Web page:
The pleasure which we take in ingenuity, on the other hand, is a wholly intellectual pleasure, the pleasure of a mathematical problem neatly resolved or a syllogism finally worked out. The poet of ingenuity adheres to the dictum of Giambattista Marino: “e del poeta il fin la meraviglia” (the marvelous is the end of poetry). It is a pleasure that never hooks up with desire, and thus fails to move us in our deepest mental recesses. The poet of beauty and sublimity works in accord with Coleridge’s injunction to “bring the whole soul of man into activity,” whereas the poet of ingenuity only arouses the intellectual capacities of his audience. The pleasure elicited by beauty and sublimity ultimately stems from the things of the world, as they are represented and revealed to the audience through the unique grace of poetic language; the pleasure of ingenuity does not have any reference beyond the mind of the poet, out of which that ingenuity emerges. We admire the cleverness of the poet, but not the things upon which he exercises his cleverness.
The poet of beauty and sublimity is like a tour-guide, who wishes to direct the attention of the reader to some wonderful object in the world, with just the right words and gestures. The poet of ingenuity is like a street-performer, who wishes to draw the attention of the reader away from the world towards his own extravagant performance. Or to employ a somewhat more impressionistic comparison, the pleasure derived from the poetry of beauty and sublimity is akin to the pleasure derived from observing a sunrise, whereas the pleasure derived from the poetry of ingenuity is akin to the pleasure of completing a puzzle. When critics have referred to the delight afforded by poetry, they have been referring specifically to the delight which originates in beauty and sublimity, since that is the only form of delight by which we are truly moved. We might sum up the consensus of our critical tradition in the affirmation that poetry is a thing like a sunset, and not a puzzle.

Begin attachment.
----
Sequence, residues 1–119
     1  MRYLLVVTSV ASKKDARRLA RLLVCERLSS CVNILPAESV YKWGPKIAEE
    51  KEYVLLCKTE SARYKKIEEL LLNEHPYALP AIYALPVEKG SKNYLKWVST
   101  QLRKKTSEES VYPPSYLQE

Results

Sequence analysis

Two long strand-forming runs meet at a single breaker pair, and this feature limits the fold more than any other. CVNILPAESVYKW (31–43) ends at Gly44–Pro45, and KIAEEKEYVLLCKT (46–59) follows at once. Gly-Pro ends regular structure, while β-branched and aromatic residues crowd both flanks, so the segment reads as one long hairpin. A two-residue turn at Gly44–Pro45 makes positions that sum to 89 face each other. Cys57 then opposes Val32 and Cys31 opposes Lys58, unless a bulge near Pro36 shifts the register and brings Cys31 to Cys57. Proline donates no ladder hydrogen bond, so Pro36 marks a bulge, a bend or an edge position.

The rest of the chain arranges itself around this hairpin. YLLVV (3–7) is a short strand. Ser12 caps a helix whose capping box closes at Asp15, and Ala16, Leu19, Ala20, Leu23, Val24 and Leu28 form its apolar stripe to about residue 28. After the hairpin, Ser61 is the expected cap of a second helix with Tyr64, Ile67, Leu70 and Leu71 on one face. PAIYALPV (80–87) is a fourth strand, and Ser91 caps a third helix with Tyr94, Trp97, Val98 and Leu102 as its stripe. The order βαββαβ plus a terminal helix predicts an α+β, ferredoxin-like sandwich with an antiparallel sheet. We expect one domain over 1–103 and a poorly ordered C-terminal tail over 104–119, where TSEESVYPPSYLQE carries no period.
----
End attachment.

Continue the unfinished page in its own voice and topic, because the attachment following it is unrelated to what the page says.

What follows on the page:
When we turn to the work of Herrick, it seems clear that, at his best, he does move the reader in this way. Consider the lovely conclusion to “Corinna’s Going A-Maying,” which captures all the melancholy nostalgia of the carpe diem theme, or the following lines from his unjustly neglected “His Age,” in which the poet imagines a scene when, as an old man, he reminisces among friends and family on the artistic accomplishments of his youth, exclaiming:
Thus, frantic, crazy man, God wot,
I’ll call to mind things half-forgot,
And oft between
Repeat the times that I have seen !
Thus ripe with tears,
And twisting my Iülus’ hairs ;
Doting, I’ll weep and say, in truth,
Baucis, these were my sins of youth.
One should not oversell the merits of Herrick; he was a decidedly minor poet, whose work displays a limited range of themes and effects. But what is undoubtedly true is that in the most excellent passages of his work Herrick accomplishes what it is that poets have always strived to accomplish uppermost: he brings his reader pleasure through that particular stirring of the emotions which results from the presence of what we call beauty.